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Author Topic: Stuff You Won't Read  (Read 5276 times)
Lutrina Lontra
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« on: March 13, 2011, 05:34:42 AM »

Are there certain subjects or genres that you simply refuse to read, for whatever reason?

After reading a recent submission, I think I'll pass on horror stories for awhile. I get nightmares so easily. XP

While I don't mind reading erotic fiction, I can't stomach an explicit rape scene. Any time I've stumbled across them, even for reviewing purposes, I just can't stomach it. Even implied rape I get goosebumps over.
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« Reply #1 on: March 13, 2011, 05:59:32 AM »

Scat. As OCD as I am, the squick factor just makes me cringe. Slash pairings to a certain degree, they just seem kinda cheesy save for the horror type or the crack pairings for sheer amusement (Like giant squid from the lake and the Hogwarts castle.)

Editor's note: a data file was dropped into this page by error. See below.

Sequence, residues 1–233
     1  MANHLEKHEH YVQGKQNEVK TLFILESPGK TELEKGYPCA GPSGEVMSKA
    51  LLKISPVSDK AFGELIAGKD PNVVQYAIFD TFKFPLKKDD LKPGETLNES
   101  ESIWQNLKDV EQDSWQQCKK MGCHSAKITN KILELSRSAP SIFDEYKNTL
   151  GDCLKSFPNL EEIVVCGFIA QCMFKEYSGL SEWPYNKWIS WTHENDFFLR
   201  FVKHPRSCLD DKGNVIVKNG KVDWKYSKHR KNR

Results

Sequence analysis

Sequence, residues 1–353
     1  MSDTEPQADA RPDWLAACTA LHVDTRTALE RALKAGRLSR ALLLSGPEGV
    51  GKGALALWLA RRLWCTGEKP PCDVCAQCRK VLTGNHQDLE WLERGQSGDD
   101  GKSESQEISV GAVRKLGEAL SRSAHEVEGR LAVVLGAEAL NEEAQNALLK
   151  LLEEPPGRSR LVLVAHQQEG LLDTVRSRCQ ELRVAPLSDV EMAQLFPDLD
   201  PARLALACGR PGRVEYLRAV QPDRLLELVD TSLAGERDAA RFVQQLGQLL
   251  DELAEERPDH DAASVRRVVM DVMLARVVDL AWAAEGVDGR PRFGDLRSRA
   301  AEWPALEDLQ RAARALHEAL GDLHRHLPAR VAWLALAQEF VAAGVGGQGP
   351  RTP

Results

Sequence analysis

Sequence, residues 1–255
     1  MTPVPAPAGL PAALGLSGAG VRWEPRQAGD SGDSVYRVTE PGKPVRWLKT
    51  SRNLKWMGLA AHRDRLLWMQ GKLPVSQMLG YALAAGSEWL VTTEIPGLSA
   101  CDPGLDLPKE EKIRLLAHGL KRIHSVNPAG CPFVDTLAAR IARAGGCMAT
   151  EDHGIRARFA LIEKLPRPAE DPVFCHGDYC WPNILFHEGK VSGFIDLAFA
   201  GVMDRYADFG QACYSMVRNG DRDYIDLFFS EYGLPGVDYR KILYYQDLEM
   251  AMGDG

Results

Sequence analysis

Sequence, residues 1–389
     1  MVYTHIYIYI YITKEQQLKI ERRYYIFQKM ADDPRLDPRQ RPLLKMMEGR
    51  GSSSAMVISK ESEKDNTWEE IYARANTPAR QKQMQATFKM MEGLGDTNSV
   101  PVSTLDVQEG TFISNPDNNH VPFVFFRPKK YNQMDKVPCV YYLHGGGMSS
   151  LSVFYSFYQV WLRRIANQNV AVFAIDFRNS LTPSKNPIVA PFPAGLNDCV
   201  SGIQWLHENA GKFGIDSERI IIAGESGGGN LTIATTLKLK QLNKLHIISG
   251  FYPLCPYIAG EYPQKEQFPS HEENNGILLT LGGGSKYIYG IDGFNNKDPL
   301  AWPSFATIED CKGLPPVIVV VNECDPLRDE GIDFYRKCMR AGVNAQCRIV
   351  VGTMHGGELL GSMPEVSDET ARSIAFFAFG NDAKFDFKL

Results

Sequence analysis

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« Reply #2 on: March 13, 2011, 06:06:41 AM »

When it comes to mainstream genres, I refuse to read dimestore romance novels (the kind that usually have Fabio on the cover) and anything too heavily rooted in politics (I hate politics). Other than that, I'll give anything a shot.

As far as sex stories go, I'm REALLY vanilla. Just regular ol' gay romance for me. No vore, cub, scat, pyronecropedophelia, inflation, or anything else outside of the basics.
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« Reply #3 on: March 13, 2011, 02:52:33 PM »

No vore, cub, scat, pyronecropedophelia, inflation, or anything else outside of the basics.

Hear, hear Aflor.
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« Reply #4 on: March 14, 2011, 06:55:28 AM »

Horror I think I can stomach. It's slashers I can't stand, movies and stories alike. Plus of course the aforementioned "weird" fetishes, of course.
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« Reply #5 on: March 14, 2011, 04:50:56 PM »

No vore, cub, scat, pyronecropedophelia, inflation, or anything else outside of the basics.

Hear, hear Aflor.

Ditto.

It's...kind of unsettling, to be honest.

What makes it --- I don't even --- just...no. (>__<)